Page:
Well, that didn’t go as planned.

One trip out of the country, to Iceland in January, followed by lockdown travel restrictions and an opportunistic infection trying to eat my right arm off at the elbow.

The enforced home-staying did mean I got to do a lost more astronomy than I otherwise would have, but this was curtailed towards the end of the year by the bloody awful weather. Clear nights were few and far between and tended to coincide with total exhaustion on my part.

Back in 2004, when I installed wordpress as a stop-gap until I finished writing my own CMS, I asked myself the question:

Well, to answer myself, I still seem to be writing here, however sporadically. This year did see a more frequent run of posts, mostly because I decided to try to document the first lockdown and also because I had astronomy photos to post.

2021 will be the year I document things more, here and elsewhere. Lets see if I keep to that. Hello Me of the year 2036 if you’re looking back and writing a retrospective post.

Long term art project

Take several (perhaps an irrational number – if it seem arty enough – of) Henry Hoovers and place them in wilderness locations around the planet.

Record what happens to them with a time-lapse camera until they have totally disintegrated – may take thousands of years. When the last has fully returned to the earth, print all the images recorded in a flick book.

Title of the book? Nature Abhors a Vacuum.

Hopefully our great great great^n descendants will appreciate the effort for a weak pun.

I am become Death, the destroyer of snails.

I like snails. Not to eat, but as animals in themselves. I’ve even done a stand-up comedy set about slugs and snails. I find them fascinating. I don’t kill them on purpose.

Since taking up cycling to work, I have accidentally killed many snails. There is a patch of tarmac connecting Castle Green park and the cycle-path alongside the A13 (https://www.google.com/maps/@51.5327466,0.1178673,20.03z); Snails love it.

After every period of damp weather, this short stretch of path is covered with snails, many already dead from previous pedestrians and cyclists. Even at low speed, you can’t help but hit one or two.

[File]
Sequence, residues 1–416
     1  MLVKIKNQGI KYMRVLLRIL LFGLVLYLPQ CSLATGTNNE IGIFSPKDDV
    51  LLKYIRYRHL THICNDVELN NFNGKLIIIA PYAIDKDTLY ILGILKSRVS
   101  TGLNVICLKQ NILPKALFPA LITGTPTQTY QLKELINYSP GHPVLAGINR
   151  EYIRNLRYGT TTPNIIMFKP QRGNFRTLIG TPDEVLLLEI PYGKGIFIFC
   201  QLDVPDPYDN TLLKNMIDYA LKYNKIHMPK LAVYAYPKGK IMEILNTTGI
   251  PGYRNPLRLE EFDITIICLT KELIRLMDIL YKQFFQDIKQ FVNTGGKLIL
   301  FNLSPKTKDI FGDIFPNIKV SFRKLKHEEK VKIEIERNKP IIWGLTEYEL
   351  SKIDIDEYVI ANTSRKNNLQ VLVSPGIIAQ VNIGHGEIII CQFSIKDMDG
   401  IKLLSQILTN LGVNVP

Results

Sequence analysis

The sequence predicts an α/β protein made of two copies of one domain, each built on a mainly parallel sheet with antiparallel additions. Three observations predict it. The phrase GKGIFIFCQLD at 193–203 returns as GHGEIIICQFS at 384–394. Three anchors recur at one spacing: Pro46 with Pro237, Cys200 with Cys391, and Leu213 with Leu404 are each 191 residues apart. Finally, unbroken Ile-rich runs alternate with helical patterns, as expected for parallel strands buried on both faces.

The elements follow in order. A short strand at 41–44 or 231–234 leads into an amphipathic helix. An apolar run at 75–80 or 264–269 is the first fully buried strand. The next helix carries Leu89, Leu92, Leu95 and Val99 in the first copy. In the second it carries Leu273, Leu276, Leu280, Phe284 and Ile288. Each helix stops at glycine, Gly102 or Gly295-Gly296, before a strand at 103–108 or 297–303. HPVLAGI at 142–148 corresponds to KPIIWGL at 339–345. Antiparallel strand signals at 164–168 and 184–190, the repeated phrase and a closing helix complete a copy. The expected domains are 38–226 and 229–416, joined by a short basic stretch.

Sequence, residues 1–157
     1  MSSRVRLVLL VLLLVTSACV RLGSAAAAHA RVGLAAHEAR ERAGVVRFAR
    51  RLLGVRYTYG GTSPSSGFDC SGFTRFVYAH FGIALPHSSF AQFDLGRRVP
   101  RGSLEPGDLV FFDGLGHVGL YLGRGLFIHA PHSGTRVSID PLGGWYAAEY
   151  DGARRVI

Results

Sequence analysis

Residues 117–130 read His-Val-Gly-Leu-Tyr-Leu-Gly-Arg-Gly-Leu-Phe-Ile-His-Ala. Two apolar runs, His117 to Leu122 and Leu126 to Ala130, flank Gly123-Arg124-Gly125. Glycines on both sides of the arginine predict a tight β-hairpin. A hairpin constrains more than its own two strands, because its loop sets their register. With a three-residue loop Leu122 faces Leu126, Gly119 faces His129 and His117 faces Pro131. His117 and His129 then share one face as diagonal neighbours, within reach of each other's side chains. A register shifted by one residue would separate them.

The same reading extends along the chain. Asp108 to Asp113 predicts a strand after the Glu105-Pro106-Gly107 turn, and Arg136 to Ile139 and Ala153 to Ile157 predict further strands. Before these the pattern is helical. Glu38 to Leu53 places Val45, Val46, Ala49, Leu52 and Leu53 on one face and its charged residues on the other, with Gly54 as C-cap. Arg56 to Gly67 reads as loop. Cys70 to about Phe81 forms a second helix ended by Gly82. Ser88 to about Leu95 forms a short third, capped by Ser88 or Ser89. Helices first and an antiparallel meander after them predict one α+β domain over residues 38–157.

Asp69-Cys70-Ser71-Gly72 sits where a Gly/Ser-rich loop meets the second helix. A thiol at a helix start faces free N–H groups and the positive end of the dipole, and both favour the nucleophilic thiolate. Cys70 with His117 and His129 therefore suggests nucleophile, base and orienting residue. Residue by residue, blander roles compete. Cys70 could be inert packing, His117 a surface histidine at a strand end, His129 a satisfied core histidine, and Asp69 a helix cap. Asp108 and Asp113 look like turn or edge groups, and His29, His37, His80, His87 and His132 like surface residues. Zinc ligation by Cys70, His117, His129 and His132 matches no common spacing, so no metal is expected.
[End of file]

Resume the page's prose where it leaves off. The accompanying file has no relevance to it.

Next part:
Sorry snails.

Considering Phlebas

Turning the wheel and looking to windward
Turning the wheel and looking to windward

I went sailing for the first time in 30-something years. Many thanks to Alan for hosting me and trusting me with the wheel of his pride and joy. From Thorpe le Soken to Felixstowe and back again.

O you who turn the wheel and look to windward,
Consider Phlebas, who was once handsome and tall as you.

Back to the lab.

I’ve spent twenty weeks away from the lab, one and a half of those with a creeping infection trying to eat my right arm off at the elbow and a further four of those some form of holiday (except for the four days spent working over those four weeks).

I’ve taken to cycling to work, which takes me down the A13 to Beckton, and then on to the Greenway to Stratford. I’m really rather pleased by the cycle routes available now, definitely improved since I last used to cycle that way about twenty years ago. I’ve only nearly been hit by a white van once.

Cycling to work obviously presents me with a chance to gather data, so data gathering I’ve been doing. I’m using google fit and runkeeper on my phone to log the journey and they both agree it takes between 45 and 50 minutes door to door. I’ve have a better idea when I’ve collected more than a week of riding.  The same journey on the Tube would take 45 minutes on a good day and closer to an hour typically. The one thing I’m really missing is the time to read on the train – it’s hard to multitask on a bike.

Only a single Astrophoto worth sharing this week. Five hours integrated exposure on NGC6888  – The Crescent Nebula. This is a work in progress project.

It’s what happens when a star sheds a load of gas into the surrounding neighbourhood, then sometime later starts blasting out a ferocious stellar wind, which catches up with the earlier shed gas and ploughs into it with enough energy to make it glow in visible light and X-rays.
NGC6888 - The Crescent Nebula